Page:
Two days after confirming my adoption with my (adoptive) dad, I mailed in the paperwork to receive a copy of my original birth certificate from the State of New Jersey. This is something that is very important to many adoptees, because our “actual” birth certificates are not truthful accounts of our arrival on Earth. They are simply legal documents changed by a court order to reflect the new identity we were assigned. And here begins the web of lies that many adoptees are all too familiar with.
In most states, adoptees are not allowed to access their original birth record due to outdated laws, intended to “protect” the adopted child. The problem is adopted children grow up and will inevitably learn about their past, and desire truthful information about their origins. Despite becoming adults, adoption laws see adoptees as perpetual babies, incapable of handling the truth about our own origins. The system is designed only to protect itself, not the “children”. Just Google Georgia Tann, one of the most prolific child traffickers of the 20th century, who used her government connections to influence the creation of these laws to help protect herself, and to hide what she was doing. (many of these laws are still in place, BTW!)
Some people argue that these laws also protect the identity of biological parents, who may now want to be found (for whatever reasons). Thirty years ago, this made sense. The problem is today we have the internet and consumer DNA testing. ANYONE can do a DNA test (hello, me?) and find out who they are genetically connected to. Is is better to simply have knowledge of the two names (or maybe just one name) of the people who are your biological parents–OR–would people rather adoptees contact their genetic cousins on Ancestry, and start asking lots of questions? In lieu of the most basic information about ourselves, that is precisely what is happening. People go to sites like Ancestry to find people they are genetically related to, so they can communicate with people they hope will have knowledge of their origins.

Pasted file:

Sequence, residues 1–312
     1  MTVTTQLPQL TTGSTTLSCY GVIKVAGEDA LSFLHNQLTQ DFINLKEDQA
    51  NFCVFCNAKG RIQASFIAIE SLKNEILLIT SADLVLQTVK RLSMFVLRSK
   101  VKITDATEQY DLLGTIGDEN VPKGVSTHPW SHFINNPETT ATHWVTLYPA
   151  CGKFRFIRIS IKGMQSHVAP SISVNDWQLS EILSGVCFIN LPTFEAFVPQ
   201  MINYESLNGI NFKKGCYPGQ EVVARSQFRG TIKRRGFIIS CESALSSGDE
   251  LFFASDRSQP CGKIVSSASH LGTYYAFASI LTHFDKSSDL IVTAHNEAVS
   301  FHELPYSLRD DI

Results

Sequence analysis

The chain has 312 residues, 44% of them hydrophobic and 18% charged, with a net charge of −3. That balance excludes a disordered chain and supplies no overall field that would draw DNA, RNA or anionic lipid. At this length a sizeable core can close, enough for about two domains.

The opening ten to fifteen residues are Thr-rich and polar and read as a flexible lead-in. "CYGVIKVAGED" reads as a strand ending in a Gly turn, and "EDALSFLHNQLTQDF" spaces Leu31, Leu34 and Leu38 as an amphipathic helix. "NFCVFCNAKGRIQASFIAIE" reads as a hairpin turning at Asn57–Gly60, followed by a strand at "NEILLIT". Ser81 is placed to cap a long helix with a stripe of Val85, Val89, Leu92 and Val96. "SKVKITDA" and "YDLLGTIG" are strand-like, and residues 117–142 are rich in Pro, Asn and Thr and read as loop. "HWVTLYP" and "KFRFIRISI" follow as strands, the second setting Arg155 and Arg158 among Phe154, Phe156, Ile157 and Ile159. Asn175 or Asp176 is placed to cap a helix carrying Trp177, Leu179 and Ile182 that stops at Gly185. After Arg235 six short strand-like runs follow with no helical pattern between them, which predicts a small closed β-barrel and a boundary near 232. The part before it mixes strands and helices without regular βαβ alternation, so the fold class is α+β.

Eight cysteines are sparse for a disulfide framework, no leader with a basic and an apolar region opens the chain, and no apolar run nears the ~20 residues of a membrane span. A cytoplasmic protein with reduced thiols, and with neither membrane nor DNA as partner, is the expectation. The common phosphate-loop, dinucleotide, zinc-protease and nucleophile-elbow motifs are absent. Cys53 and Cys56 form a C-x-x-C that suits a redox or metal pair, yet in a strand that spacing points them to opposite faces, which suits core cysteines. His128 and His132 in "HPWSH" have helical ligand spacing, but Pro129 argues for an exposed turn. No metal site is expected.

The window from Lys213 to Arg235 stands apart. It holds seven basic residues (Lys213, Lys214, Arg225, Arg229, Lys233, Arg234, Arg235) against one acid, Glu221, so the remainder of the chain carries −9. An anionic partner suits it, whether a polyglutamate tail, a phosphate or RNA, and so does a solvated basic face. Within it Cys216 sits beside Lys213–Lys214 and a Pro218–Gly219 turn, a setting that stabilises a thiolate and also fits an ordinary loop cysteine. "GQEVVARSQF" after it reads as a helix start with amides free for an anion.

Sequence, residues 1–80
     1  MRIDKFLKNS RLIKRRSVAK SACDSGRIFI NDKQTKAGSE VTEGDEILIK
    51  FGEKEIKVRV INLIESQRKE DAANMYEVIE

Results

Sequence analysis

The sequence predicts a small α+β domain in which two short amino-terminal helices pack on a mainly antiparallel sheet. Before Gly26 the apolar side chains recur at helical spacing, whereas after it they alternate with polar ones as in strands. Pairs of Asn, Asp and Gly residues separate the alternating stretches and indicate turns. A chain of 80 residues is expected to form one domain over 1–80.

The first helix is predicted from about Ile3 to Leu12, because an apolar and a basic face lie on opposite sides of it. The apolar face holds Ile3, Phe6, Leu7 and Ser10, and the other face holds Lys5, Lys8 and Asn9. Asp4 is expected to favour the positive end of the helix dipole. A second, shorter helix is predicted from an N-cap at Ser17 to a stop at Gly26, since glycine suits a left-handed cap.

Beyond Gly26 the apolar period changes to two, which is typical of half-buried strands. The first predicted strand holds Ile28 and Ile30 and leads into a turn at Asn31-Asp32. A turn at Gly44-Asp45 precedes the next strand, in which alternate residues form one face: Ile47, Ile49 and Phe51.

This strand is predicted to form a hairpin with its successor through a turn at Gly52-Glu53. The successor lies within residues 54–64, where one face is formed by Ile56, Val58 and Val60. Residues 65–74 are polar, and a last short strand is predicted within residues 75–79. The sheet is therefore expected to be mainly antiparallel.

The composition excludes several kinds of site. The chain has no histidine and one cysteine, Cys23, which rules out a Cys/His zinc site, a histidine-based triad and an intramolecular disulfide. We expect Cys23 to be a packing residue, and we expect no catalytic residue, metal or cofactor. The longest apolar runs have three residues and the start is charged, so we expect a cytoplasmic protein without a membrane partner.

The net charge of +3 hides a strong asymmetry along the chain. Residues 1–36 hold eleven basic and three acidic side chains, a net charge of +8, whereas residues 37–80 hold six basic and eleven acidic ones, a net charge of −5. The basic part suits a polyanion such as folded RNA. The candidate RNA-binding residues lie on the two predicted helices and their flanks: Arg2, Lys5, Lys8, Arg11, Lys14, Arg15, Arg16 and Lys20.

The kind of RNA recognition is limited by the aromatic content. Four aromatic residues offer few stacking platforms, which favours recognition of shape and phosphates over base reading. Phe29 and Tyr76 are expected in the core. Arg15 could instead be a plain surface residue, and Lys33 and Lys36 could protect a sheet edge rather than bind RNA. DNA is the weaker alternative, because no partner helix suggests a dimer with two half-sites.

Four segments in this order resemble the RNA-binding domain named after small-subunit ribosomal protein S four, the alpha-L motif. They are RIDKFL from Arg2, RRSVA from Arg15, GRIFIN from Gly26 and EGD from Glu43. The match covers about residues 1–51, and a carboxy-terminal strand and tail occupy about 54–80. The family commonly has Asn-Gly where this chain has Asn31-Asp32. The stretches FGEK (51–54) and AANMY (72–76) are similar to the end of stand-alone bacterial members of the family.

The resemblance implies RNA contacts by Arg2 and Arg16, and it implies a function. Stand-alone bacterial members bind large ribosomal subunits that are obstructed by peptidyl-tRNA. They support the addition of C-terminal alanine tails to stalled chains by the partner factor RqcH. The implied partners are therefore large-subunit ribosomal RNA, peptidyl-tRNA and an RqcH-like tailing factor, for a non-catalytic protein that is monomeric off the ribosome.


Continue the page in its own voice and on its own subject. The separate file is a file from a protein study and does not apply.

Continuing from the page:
“Hi, We are a match on Ancestry. It looks like we are 2nd cousins. I grew up in Boston, but I was adopted in New York in 1963. All I know is my mom’s name was Nadine, and she was 19 at the time. Do you know anything about this?”
Obviously, providing adoptees with their original birth certificate (and bio parents’ names) would eliminate most of this–whether the biological parents wish to communicate or not. Many adoptees have no desire to reach out to their bio families. Some only want health information. What we ALL want, is TRUTH.
I am very fortunate to have been born in NJ which, as of 2017, allows adoptees access to their records. I’ve read lots of frustration from people who try to obtain their own OBCs, sometimes waiting months or years without any word or update (though their payment has been processed, of course). I guess I am one of those people who will just remain in waiting now. Of course I already know my biological parents’ names, but it’s the point of having it that matters to me. So much about myself and my identity was taken from me, so this piece of paper would mean the world to me. I don’t know what I would do with it–stare at it for hours and cry, frame it, put it in a safe deposit box, file it–I have no idea. Anyway, I hope I get to see it someday…
Thanks for listening to my rant.
(seriously, Google Georgia Tann)